Another reason it might be called haunting is because the story lingers in your thoughts long after you finish reading it. Mainly, because it has a Shakespearean humanity to it. Yes, this is what humans do. They do stupid things in order to obtain the affections of someone they love, even though their purpose is completely doomed. They do good AND bad things. Pip disassociates with his former friends and family once he becomes a gentleman because he finds them embarrassing, but he also helps set up one of his friends in a good career situation. He does the good deed anonymously purely out of altruistic motives. That's why I compare Dickens to Shakespeare. He is talented enough that he can show the full breadth of human experience, which only the masters ever accomplish.
A couple of weeks ago, I was talking to a friend about Jimi Hendrix's guitar playing. I marvel at Hendrix because he never seems to run out of a musical idea. He only puts the guitar down at some point or stops playing. No matter when he starts again, it just seemed like his playing was merely on pause, even when he begins a complete different song. It just flows out of him. I feel the same way about Dickens. His storytelling seems almost effortless. I don't get the feeling that he ever had writer's block. His plots seem so original even though they are pretty simple. Each book he writes contains a universe. Even the minor characters seem to be alive and make a statement even if they appear even in just a couple of lines.
Reviewed in the United States on November 17, 2018
Top reviews from other countries
The story brilliantly depicts the evil side of money, how it changes a person. It is an extraordinary depiction of love, loyalty, and forgiveness, of false perceptions, and the derived sadness. The plot is slow at the beginning, but it picks up pace as the pages turn, only to keep the reader hooked to it.
As is always the case with Dickens' characters, they are vividly described in the prose. It is easy to fall in love with the positive ones, but the way he writes, makes one intricately understand the negative ones as well. And let's be honest, people are both good and bad, so there is always a gray area. Miss Havisham (a character in this book), for instance, is so eerily described that the reader is left unsure whether to love her or hate her - certainly can't just ignore her!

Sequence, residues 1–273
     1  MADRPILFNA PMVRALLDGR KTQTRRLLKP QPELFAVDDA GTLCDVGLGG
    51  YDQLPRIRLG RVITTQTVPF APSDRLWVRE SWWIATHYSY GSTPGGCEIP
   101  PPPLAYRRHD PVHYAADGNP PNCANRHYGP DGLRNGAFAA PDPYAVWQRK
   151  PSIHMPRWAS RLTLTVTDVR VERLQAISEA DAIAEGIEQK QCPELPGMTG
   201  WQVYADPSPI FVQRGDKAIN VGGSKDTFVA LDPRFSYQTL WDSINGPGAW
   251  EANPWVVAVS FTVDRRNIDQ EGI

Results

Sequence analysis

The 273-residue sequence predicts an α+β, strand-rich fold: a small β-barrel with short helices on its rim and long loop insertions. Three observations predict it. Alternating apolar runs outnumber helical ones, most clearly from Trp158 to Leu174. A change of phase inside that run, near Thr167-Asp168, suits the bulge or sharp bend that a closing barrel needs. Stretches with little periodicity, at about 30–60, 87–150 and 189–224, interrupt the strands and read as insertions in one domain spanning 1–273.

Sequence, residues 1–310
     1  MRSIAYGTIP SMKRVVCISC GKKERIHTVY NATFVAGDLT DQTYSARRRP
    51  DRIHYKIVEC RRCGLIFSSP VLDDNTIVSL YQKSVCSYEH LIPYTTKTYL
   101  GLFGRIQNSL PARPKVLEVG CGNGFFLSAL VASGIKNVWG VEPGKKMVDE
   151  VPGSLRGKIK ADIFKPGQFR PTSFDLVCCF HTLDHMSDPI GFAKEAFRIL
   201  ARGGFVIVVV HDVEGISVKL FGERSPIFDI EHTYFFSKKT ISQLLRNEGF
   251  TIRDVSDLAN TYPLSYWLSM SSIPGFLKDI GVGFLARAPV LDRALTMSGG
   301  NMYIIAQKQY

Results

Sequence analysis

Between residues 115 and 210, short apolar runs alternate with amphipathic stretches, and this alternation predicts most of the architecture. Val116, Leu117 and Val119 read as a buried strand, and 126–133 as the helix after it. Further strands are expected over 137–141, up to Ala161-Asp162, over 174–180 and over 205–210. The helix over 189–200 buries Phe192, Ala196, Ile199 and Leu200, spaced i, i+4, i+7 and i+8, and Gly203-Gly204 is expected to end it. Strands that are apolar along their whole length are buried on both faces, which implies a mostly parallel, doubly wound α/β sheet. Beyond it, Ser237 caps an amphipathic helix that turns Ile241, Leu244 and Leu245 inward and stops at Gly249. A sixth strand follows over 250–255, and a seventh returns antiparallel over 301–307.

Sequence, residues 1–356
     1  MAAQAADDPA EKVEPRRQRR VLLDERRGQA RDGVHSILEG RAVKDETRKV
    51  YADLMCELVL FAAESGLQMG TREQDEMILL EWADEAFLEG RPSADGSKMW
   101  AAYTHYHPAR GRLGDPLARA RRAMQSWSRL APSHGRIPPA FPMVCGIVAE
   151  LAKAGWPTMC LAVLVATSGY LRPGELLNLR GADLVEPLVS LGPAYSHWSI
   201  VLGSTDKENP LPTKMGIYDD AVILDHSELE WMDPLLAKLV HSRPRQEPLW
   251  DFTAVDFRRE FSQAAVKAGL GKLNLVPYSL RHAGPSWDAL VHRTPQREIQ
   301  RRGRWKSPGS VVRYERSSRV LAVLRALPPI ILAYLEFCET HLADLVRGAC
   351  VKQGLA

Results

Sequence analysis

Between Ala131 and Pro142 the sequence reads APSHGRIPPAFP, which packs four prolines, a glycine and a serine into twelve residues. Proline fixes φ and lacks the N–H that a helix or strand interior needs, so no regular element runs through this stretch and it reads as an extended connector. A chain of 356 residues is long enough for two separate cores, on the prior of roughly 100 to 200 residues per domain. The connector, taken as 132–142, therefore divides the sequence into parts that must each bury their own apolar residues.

There is no doubting the genius that is Dickens. Few instances:
The subtlety by which he takes a jab at the way humans misuse religion is just wonderful:
"Mrs. Joe was a very clean housekeeper, but had an exquisite art of making her cleanliness more uncomfortable and unacceptable than dirt itself. Cleanliness is next to Godliness, and some people do the same by their religion."
How life is nothing but a chain of connected events, remove any one and the result would have been different:
"That was a memorable day to me, for it made great changes in me. But it is the same with any life. Imagine one selected day struck out of it, and think how different its course would have been. Pause you who read this, and think for a moment of the long chain of iron or gold, of thorns or flowers, that would never have bound you, but for the formation of the first link on one memorable day."
"life is made of ever so many partings welded together"
How those who are affectionate are weak. Or are they?
"It’s a weakness to be so affectionate, but I can’t help it. No doubt my health would be much better if it was otherwise, still I wouldn’t change my disposition if I could. It’s the cause of much suffering, but it’s a consolation to know I possess it, when I wake up in the night."
On the importance of crying:
"Heaven knows we need never be ashamed of our tears, for they are rain upon the blinding dust of earth, overlying our hard hearts."
The definition of real love:
“I’ll tell you,” said she, in the same hurried passionate whisper, “what real love is. It is blind devotion, unquestioning self-humiliation, utter submission, trust and belief against yourself and against the whole world, giving up your whole heart and soul to the smiter—as I did!”
How looks are deceiving:
"Take nothing on its looks; take everything on evidence. There’s no better rule."
Verdict: Highly recommended. Worth a re-read.
I have read a few novels by different authors from the 1800s and found that they read quite awkwardly, not so with this novel.
A great story, with the usual great Dickins characters. The film has large chunks of the story missing so it was still rewarding to read.
If you haven't tried reading an older classic author before I would recommend this book as a springboard Ito a different genre.